Arts & Literature
The Gothic Treatment of Morals and Doom
Recently I watched the classic mystery/horror movie Daughter of Darkness (1948) and the gothic element of in the movies’ theme and setting was inviting enough to make me think of writing a word or two about it.
Scanning my memory of literature for literary connections of the work, the first word coming to mind, of course, was Frankenstein—Mary Shelley’s masterpiece gothic novel. The call for morals reflected at once in both works. To see if I can get from a quick online search for more than what I remember from my reading of elements of gothic fiction, I ran a web search and found a somewhat surprising result—Jane Austen’s name in the list of gothic novelists.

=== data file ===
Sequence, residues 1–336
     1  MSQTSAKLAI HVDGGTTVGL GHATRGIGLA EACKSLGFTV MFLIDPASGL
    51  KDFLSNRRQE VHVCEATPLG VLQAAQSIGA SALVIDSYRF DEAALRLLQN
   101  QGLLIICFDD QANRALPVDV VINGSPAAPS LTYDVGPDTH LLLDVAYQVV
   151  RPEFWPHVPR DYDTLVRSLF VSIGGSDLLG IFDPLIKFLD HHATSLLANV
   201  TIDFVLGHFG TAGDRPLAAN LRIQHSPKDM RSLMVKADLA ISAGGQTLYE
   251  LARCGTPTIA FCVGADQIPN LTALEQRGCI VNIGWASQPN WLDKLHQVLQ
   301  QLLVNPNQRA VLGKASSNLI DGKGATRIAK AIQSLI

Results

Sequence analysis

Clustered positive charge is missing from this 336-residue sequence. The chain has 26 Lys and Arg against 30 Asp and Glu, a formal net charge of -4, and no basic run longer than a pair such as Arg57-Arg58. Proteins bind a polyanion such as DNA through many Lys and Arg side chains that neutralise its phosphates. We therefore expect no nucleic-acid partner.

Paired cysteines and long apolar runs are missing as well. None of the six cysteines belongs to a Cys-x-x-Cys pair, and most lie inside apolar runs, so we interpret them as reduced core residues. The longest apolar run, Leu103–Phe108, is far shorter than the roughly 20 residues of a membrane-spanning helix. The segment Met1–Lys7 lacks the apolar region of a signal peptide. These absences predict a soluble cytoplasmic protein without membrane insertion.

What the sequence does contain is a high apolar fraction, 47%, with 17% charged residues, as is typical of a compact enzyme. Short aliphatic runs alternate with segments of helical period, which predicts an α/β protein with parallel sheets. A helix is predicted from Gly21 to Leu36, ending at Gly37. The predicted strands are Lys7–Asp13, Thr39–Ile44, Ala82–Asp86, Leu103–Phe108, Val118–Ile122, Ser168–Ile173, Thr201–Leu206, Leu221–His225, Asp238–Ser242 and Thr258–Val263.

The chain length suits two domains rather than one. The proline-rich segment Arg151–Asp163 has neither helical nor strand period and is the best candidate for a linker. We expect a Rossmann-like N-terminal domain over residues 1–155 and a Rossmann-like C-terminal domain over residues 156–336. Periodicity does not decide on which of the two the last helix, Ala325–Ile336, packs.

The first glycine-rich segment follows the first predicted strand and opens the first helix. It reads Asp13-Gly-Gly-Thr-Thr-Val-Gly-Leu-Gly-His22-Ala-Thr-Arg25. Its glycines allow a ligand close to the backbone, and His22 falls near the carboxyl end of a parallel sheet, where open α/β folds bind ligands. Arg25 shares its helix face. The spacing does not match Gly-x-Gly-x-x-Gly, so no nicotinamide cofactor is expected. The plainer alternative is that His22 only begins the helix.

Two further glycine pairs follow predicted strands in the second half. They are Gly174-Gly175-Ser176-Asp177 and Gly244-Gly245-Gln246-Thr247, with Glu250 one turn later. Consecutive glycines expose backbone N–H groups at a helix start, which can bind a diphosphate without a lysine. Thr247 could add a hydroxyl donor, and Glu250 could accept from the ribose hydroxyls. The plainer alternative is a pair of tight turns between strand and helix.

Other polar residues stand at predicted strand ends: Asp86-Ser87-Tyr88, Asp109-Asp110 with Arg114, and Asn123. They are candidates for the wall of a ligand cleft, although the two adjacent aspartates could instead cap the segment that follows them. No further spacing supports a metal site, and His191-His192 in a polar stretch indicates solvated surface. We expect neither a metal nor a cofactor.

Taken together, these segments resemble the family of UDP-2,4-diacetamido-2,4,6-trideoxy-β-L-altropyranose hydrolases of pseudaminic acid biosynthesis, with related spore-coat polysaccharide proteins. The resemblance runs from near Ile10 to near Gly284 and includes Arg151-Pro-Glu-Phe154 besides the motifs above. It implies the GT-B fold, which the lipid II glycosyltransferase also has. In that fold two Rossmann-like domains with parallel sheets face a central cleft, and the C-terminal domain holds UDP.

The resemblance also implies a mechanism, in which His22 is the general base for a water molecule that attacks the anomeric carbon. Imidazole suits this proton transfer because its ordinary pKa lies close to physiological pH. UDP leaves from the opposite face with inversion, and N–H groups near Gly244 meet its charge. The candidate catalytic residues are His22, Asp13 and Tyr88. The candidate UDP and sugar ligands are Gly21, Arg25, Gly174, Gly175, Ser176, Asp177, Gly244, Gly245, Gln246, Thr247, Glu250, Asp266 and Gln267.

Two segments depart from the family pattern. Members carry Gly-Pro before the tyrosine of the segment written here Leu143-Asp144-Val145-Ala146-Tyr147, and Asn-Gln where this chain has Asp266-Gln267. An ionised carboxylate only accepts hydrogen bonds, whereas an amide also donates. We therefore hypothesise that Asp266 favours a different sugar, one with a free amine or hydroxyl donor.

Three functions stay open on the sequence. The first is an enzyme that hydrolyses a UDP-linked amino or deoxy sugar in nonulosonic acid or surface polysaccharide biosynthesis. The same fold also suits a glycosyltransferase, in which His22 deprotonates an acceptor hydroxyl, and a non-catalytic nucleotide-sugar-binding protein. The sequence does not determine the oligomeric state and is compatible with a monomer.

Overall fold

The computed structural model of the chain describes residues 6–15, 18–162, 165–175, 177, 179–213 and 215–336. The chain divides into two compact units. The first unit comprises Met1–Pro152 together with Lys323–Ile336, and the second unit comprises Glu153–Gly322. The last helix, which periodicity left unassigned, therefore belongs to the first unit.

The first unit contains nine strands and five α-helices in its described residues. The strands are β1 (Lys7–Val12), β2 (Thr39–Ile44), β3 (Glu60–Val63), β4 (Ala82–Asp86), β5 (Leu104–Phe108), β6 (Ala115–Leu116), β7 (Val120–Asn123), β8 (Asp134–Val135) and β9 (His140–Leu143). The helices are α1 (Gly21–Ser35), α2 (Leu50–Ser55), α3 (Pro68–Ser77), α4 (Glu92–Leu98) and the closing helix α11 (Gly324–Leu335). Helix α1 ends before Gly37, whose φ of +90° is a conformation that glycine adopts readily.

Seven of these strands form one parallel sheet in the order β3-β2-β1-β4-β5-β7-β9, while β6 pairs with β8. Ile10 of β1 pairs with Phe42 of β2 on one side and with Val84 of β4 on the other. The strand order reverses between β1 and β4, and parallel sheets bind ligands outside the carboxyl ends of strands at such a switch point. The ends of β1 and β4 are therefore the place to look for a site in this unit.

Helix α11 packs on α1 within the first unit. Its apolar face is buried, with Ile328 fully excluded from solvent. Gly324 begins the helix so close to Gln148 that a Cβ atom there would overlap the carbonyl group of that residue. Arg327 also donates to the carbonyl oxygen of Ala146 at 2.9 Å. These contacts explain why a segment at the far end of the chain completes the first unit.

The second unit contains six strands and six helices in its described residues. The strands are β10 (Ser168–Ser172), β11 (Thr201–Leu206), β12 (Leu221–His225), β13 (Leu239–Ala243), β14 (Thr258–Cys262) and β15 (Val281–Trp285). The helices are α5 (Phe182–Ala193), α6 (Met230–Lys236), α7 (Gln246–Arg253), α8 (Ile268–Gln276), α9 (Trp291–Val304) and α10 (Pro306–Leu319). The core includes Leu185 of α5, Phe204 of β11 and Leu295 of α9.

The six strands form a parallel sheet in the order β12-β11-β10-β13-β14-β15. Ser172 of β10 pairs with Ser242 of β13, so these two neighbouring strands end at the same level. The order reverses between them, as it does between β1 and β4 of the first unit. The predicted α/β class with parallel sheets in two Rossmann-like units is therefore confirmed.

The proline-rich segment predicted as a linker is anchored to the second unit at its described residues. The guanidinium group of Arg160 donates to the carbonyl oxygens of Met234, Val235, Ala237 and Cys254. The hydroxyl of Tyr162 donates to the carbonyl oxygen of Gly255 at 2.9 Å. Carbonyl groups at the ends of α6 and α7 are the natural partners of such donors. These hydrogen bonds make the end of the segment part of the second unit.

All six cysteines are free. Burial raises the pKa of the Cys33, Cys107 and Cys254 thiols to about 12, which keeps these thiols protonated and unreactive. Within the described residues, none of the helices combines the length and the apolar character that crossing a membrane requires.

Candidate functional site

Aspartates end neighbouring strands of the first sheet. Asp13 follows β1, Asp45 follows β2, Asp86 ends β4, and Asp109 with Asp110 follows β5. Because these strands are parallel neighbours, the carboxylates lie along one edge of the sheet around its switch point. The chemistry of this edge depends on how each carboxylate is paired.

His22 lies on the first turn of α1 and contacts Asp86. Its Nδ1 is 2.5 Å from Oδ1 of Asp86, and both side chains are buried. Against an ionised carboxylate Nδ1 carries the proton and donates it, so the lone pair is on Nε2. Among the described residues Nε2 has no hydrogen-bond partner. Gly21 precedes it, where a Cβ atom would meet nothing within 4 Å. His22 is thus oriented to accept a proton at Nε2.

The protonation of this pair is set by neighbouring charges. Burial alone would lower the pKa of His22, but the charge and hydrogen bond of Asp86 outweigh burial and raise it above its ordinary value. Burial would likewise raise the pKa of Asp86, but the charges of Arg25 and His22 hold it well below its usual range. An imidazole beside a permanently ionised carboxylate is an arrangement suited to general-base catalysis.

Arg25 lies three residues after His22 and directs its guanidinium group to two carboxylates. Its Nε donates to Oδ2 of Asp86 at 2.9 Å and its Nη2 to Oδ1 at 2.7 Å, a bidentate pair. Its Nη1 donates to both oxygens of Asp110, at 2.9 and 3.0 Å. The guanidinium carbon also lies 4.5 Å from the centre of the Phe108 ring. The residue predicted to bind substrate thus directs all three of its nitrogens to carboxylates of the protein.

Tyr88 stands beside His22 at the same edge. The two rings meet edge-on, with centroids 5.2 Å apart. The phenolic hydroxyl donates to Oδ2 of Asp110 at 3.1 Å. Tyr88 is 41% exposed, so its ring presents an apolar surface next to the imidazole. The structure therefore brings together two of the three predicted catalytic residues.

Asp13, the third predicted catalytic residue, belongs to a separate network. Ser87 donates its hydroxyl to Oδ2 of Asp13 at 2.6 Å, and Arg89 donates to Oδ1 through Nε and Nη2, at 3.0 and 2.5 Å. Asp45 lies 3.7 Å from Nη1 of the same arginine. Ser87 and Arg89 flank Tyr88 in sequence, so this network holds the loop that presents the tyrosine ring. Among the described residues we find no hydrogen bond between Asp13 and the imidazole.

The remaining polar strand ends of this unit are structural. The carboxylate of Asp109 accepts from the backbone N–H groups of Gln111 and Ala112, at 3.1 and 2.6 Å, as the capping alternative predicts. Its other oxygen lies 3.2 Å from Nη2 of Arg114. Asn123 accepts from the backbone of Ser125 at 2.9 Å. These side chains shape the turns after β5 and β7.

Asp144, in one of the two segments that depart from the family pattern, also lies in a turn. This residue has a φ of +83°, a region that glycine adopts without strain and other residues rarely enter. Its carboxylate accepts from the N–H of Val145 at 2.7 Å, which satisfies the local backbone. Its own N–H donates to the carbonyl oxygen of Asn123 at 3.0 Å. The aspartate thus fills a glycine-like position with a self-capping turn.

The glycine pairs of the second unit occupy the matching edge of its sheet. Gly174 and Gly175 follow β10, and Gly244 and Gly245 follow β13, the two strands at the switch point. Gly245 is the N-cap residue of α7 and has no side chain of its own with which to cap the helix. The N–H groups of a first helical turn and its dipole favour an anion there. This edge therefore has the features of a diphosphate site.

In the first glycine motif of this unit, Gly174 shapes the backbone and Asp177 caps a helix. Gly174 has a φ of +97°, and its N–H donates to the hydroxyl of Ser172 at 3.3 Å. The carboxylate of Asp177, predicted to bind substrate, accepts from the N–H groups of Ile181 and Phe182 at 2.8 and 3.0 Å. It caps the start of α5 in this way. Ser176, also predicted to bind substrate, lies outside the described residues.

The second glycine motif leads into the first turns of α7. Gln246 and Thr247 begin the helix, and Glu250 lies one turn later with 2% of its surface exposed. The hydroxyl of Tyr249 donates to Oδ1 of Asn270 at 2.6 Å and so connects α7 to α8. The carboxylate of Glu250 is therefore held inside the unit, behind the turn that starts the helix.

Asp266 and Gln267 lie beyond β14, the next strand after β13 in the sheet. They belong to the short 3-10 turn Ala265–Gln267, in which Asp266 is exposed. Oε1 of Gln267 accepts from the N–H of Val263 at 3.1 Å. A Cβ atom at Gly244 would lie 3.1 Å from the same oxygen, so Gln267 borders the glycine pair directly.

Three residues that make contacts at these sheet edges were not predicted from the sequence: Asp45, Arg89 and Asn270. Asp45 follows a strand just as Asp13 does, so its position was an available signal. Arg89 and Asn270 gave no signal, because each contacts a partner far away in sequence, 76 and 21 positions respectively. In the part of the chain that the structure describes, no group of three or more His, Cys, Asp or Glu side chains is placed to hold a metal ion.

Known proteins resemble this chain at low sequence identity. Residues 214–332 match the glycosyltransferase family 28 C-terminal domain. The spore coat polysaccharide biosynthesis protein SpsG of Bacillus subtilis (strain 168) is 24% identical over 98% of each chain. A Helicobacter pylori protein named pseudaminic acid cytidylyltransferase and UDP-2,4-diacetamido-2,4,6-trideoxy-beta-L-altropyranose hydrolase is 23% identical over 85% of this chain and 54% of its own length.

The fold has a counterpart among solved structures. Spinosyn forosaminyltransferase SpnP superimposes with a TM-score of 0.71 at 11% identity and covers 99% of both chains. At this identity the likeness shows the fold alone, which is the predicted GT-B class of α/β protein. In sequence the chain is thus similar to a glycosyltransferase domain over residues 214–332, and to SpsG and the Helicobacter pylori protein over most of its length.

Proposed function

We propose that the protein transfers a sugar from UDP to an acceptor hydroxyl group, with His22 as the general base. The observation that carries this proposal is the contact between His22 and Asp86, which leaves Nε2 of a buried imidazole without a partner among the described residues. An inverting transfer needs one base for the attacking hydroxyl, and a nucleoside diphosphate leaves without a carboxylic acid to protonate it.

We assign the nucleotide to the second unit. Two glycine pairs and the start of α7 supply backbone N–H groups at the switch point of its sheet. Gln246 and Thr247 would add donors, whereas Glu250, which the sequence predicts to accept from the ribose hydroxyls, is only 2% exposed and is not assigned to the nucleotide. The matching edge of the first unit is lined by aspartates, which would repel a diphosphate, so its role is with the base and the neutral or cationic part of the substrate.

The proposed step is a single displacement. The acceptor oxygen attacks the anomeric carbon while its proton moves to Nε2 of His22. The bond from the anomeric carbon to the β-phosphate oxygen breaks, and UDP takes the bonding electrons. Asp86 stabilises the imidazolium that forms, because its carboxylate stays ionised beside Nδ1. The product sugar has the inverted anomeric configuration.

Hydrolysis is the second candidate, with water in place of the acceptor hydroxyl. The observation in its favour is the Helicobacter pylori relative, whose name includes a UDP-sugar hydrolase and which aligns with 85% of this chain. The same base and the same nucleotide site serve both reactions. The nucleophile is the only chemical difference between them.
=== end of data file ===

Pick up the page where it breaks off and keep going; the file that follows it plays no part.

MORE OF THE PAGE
My memory at once scanned for the Austen novels that I had read and the work that leapt forward to my attention was, of course, Northanger Abbey. I couldn’t think of any other works of Austen that I had read (Emma and Mansfield Park) or was familiar with via watching the adaptation (the movie Sense and Sensibility) or reading the plot summary in from of book blurbs (Pride and Prejudice) to employ the gothic.